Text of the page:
Jonathan Schoots, Stellenbosch University
Johan Fourie, Stellenbosch University
Leone Walters, Stellenbosch University
What are the social and economic consequences when political challengers confront the state, make themselves visible targets, and then fail to achieve political power or reform? This paper examines these questions in the context of settler protest against the Dutch East India Company (VOC) in the Cape of Good Hope. In 1779, 404 settler farmers signed a petition demanding greater economic and political freedom. These calls emerged from an international milieu of settler and citizen demands for independence, following the American Independence movement and drawing on political strategies of Burghers in Holland. Despite the petition yielding no significant concessions from the government, those who participated in the protest gained significant wealth in the years that followed. This paper uses two large novel historical datasets to examine both the sources of political mobilization in the Cape and the economic and social consequences for opponent of the colonial state. Using detailed panel tax census data we examine the economic, class, and social positions of the petitioners, adjudicating between competing theories of political mobilization in this settler context. We then follow the economic consequences of dissent, using tax data to compare economic outcomes for petitioners and non-petitioners 10 years after the petition. We find that petitioners became wealthier than their peers in the years following the petition. Using public auctions, we examine social and economic networks as the mechanism of this economic divergence. We illustrate how the social and economic network structure of Cape farmer society transformed in response to public political challenge. This study offers new insights into the economic and social effects of failed political opposition, sheds new light on the dynamics of political action in settler colonial contexts, and examines how political identification shapes economic and social outcomes for communities well beyond the short durée moment of political mobilization.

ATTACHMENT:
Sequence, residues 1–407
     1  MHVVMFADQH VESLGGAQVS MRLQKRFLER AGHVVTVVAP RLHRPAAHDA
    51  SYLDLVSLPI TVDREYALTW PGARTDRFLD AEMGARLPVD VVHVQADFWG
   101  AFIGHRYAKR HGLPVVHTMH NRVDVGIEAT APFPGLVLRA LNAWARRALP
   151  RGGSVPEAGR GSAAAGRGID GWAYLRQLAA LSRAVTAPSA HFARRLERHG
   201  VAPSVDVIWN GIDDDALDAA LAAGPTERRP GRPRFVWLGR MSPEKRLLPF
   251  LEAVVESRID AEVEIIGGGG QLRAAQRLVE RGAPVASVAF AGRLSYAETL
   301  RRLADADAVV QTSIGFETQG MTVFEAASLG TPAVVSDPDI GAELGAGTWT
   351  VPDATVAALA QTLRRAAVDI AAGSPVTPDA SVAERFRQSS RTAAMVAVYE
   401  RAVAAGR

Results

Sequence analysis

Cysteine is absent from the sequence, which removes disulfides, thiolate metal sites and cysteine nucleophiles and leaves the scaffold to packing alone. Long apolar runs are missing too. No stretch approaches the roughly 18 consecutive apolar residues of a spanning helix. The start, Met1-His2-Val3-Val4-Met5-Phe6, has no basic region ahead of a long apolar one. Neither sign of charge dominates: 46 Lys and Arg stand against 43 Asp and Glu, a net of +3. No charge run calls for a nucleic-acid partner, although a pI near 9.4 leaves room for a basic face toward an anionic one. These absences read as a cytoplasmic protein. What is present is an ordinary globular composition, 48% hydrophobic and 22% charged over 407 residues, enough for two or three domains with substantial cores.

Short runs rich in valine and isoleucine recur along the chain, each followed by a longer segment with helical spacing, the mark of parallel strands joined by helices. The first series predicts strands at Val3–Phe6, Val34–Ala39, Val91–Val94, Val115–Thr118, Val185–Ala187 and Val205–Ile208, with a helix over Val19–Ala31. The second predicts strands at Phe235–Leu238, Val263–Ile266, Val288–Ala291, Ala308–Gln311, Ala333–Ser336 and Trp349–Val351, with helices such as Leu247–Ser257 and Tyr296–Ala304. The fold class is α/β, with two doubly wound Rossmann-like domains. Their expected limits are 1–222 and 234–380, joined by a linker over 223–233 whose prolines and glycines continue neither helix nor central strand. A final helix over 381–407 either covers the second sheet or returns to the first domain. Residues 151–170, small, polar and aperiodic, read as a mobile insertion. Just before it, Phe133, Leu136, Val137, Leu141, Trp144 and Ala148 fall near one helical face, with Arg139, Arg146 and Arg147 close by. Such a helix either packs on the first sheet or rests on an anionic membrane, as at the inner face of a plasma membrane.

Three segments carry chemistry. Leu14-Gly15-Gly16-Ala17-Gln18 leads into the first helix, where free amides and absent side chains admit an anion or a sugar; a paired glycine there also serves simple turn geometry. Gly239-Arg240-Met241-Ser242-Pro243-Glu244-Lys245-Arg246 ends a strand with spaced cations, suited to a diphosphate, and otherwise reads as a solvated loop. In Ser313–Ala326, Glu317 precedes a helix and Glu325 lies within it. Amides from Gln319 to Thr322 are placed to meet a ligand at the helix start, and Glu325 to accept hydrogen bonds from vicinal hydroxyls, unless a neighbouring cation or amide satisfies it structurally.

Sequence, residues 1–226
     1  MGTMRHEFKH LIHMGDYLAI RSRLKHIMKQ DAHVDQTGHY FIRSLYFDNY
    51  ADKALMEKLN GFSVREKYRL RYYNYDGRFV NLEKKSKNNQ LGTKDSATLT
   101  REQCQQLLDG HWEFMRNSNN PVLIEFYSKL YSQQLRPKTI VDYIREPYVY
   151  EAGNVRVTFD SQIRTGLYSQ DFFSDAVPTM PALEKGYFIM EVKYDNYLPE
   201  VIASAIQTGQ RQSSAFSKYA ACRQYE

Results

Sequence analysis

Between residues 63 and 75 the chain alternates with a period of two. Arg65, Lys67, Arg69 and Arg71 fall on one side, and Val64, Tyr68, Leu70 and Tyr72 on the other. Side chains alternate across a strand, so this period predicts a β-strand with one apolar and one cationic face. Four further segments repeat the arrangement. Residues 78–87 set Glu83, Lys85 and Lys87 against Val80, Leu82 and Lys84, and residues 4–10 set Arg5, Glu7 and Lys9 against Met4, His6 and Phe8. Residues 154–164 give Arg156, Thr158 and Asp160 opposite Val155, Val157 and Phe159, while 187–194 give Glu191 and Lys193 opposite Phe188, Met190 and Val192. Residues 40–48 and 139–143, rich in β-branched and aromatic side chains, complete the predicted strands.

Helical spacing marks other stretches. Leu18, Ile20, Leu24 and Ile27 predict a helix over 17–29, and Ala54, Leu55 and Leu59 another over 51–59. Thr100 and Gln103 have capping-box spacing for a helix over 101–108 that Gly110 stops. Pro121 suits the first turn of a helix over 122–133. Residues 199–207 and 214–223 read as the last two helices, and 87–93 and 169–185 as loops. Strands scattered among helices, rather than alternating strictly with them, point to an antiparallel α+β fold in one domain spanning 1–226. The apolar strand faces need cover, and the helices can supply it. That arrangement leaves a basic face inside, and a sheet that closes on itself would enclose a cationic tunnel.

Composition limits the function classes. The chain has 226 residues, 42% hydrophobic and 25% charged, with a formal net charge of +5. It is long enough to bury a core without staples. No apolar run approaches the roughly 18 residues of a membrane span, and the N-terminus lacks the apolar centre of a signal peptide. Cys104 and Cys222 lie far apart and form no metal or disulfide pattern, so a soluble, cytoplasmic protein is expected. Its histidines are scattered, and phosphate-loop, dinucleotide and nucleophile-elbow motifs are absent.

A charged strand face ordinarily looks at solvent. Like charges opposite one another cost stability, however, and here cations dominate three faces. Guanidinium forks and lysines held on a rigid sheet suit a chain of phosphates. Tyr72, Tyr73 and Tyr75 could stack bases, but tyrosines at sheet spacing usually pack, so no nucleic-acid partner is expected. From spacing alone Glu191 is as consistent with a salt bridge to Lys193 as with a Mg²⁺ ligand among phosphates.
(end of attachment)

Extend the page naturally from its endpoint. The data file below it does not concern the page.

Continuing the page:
Presented in Session 45. Social Movements and Political Power